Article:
The Issue:Talking Politics

This is an argument against argument. The point is that there is no point. Here we go.

In a Calvin and Hobbes Sunday comic strip from October of 1994, Calvin makes an astute observation as he walks through the woods with his tiger pal, Hobbes: “Talk show hosts, political candidates, news programs, special interest groups… They all become successful by reducing debates to the level of shouted rage. Nothing gets solved, but we’re all entertained.”

This is the problem. If what we see on the news networks and even in the presidential debates is a model for how we should discuss politics, then we are in for trouble. Character attacks, hedging around certain issues, backing arguments with readily available “statistics” and “facts” – these tactics are not going to help us resolve anything.

But there is an even deeper problem at work here. The other day, I had a conversation about the election with my sister. She is voting for Romney, while I am voting for Obama. We were plenty civil in our conversation, but it was hard for me to get a grip on what we were really even talking about. I am voting for Obama for reasons that are subject to my understanding of how the world works, what I think is important, and how I think Obama’s plan fits into that vision as opposed to Romney’s. The problem is that I could be wrong on points #1, #2, or #3. And how are we even supposed to talk about point #3, if we are not at the same place on points #1 and #2?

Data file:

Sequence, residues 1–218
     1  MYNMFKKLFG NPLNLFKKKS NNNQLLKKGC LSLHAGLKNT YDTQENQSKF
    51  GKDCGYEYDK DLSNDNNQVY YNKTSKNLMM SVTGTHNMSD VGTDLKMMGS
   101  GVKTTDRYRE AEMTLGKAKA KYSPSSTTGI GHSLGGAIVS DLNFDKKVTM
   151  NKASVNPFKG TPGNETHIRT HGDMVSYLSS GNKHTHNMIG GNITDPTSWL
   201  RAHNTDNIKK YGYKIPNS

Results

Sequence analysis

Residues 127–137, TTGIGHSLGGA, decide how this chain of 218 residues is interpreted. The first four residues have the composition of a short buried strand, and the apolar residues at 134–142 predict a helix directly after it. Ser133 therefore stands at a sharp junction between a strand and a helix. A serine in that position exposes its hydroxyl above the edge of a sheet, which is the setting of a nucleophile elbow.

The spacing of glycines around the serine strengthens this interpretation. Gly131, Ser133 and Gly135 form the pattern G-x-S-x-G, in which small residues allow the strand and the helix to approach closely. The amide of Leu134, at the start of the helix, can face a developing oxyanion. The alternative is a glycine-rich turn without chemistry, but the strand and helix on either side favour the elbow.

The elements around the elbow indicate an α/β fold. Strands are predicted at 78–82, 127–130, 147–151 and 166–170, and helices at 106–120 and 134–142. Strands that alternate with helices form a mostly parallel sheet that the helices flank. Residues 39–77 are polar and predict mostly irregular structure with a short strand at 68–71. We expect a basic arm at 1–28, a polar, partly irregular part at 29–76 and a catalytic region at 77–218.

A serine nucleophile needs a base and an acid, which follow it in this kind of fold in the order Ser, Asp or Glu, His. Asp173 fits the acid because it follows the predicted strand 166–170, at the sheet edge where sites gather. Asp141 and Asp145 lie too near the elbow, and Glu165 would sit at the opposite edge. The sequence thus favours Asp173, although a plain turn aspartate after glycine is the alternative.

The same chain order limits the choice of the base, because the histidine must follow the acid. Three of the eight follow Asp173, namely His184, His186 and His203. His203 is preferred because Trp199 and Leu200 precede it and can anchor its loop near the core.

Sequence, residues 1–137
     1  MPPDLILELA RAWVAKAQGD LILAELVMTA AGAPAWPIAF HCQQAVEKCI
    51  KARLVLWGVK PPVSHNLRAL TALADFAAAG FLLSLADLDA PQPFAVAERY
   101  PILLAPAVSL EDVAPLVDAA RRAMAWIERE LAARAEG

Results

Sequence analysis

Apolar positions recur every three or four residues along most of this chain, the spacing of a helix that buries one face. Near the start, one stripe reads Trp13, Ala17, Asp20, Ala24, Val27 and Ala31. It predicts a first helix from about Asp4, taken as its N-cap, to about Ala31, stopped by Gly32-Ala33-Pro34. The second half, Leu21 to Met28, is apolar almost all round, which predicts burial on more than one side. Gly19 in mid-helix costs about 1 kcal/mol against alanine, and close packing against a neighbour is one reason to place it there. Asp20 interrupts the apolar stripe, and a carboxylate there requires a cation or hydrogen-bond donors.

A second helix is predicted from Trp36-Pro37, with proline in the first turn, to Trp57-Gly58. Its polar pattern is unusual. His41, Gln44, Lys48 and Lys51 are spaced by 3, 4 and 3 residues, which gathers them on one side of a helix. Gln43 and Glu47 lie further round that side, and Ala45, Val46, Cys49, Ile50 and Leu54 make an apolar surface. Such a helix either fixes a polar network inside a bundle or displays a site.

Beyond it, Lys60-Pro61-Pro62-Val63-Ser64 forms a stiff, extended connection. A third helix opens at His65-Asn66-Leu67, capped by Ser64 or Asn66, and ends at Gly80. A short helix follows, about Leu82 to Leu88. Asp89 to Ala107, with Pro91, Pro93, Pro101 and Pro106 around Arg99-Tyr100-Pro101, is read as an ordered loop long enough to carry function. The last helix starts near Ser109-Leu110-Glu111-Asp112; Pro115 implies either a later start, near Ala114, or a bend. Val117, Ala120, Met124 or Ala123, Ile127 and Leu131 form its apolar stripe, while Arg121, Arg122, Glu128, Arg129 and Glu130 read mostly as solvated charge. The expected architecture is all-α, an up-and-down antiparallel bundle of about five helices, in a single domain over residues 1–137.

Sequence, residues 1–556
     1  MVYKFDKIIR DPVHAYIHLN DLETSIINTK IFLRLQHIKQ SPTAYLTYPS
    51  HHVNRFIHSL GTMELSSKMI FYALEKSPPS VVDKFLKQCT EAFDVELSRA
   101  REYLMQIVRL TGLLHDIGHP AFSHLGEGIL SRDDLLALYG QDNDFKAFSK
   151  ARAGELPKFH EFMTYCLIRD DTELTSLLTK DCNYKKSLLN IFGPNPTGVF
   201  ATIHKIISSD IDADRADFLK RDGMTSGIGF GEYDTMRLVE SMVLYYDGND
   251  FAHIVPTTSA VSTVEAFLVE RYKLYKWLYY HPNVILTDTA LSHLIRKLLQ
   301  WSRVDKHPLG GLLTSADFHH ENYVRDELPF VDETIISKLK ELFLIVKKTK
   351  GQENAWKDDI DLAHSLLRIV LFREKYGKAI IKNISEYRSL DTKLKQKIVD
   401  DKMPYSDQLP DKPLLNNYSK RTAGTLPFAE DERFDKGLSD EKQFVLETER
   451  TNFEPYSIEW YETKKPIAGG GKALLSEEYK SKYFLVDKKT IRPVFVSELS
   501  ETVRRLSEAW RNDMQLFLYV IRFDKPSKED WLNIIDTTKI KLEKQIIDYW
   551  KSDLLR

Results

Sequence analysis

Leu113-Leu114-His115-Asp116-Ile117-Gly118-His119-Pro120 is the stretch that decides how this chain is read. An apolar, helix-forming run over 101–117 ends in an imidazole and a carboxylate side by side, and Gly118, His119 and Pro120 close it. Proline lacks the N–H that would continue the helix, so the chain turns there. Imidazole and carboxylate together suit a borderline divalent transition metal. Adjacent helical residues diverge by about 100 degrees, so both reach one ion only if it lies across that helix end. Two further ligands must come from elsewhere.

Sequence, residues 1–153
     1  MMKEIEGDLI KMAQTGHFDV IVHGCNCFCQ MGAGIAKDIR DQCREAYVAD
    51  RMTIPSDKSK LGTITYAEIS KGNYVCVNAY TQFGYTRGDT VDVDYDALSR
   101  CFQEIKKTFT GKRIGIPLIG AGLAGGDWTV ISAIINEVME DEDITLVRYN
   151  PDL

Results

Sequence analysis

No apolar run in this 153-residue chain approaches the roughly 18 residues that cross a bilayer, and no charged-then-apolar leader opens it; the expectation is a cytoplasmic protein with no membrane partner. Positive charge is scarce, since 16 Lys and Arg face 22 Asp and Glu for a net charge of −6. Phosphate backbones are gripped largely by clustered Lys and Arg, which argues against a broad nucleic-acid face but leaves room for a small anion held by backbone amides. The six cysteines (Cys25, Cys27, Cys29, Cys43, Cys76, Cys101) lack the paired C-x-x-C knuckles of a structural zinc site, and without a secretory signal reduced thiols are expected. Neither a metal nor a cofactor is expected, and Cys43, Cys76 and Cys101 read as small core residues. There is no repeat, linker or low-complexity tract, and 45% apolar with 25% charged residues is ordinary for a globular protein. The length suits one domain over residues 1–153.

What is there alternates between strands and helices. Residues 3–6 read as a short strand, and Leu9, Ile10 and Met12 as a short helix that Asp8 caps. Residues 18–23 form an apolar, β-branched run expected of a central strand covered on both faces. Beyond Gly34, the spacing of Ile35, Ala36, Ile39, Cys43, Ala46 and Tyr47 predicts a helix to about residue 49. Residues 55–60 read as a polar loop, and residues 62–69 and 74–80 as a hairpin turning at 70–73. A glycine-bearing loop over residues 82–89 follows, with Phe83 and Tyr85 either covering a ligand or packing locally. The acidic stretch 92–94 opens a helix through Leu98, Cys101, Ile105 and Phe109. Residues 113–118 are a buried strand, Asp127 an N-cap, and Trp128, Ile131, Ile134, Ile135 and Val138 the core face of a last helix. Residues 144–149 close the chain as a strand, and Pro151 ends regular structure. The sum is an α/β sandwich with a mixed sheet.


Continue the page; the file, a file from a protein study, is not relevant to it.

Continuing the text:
I want to beef up my argument a little bit, so I’m going to bring philosopher Alasdair MacIntyre and his book “After Virtue” into this real quick. The problem with argument in the post-modern world we live in, MacIntyre says, is not so much that we disagree on conclusions as that we disagree on premises. If I believe that equal opportunity is what is most important, then how am I going to have a conversation about universal health care with someone who holds personal freedom as their highest value? Either we’ll shout about how the other is a socialist or a heartless miser, as per Calvin’s critique, or we’ll just talk past each other, as my sister and I did.

How do we get to the bottom of these ideological differences? I can’t think of any way that I would know the answer to that. Everyone’s reasons for supporting a candidate are probably just as arbitrarily valid as yours. I don’t see how arguing is going to change that.

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